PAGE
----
Are these organic? No. Do I care? Not really. As I’ve written before, when working with a limited budget, it’s important to prioritize buying organic, pasture-raised, wild-caught, etc. for the most nutrient-dense foods first. That means I’m going to prioritize organic, pasture-raised eggs, meats & dairy, fats, etc. above organic vegetables. And I’m certainly going to prioritize organic produce above organic spices. Of course, if my budget for a given month has wiggle room, I’ll choose the organic spice. But if it doesn’t, I’m not going to sweat it or berate myself for somehow failing to eat according to my ideals.
Next up we’ve got natural cane sugar. While this is most likely refined, it is also not likely to be GMO. If the label had simply said “sugar” instead, I might have given pause. But by specifying cane sugar when (to date) there are no GMO sugar cane crops, they’re giving themselves a pass.
Also, I should point out that while a truly natural, unrefined sweetener would be ideal, sugar is still sugar. In other words, the benefit of a natural sweetener like honey is that it has other benefits beyond simply supplying your cells with glucose. But that honey is still sugar. Even natural sweeteners need to be consumed in moderation!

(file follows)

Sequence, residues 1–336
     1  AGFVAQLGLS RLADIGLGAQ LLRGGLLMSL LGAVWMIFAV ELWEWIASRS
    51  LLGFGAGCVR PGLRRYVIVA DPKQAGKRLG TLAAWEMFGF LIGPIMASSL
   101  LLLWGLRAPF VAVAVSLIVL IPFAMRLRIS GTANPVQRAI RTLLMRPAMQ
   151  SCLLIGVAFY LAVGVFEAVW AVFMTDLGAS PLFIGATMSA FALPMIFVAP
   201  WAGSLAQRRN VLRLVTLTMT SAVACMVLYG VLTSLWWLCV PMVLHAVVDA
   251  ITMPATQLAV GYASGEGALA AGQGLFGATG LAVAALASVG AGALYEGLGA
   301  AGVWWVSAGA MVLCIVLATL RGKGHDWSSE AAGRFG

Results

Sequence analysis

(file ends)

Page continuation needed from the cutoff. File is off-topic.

And finally, we find kombu powder. Kombu is a traditional Japanese powder made from seaweed. It’s basically kelp that’s been dried and ground into a powder. It’s a great way to get seagreens into your diet (which are rich in iodine), and many traditional Asian inspired recipes may call for using it in place of salt.
Kombu is also a natural source of umami — a particular taste we associate with glutamates. You get umami from grilling mushrooms, cooking meats and bone broths, and yes — seagreens. In other words, it’s part of how we used to get incredible depth of flavor before we learned how to isolate MSG and use it as an additive. (Yes, MSG is dangerous.)
KOYO Asian Vegetable Ramen: THE VERDICT
I will confess I struggled with this for a long time. The only two negatives I find in this convenience food are: 1) refined flour, and 2) refined sugar. And yet on the other hand, the flour is at least from an organic, heirloom variety of wheat, and the sugar is at least from GMO-free sugar cane.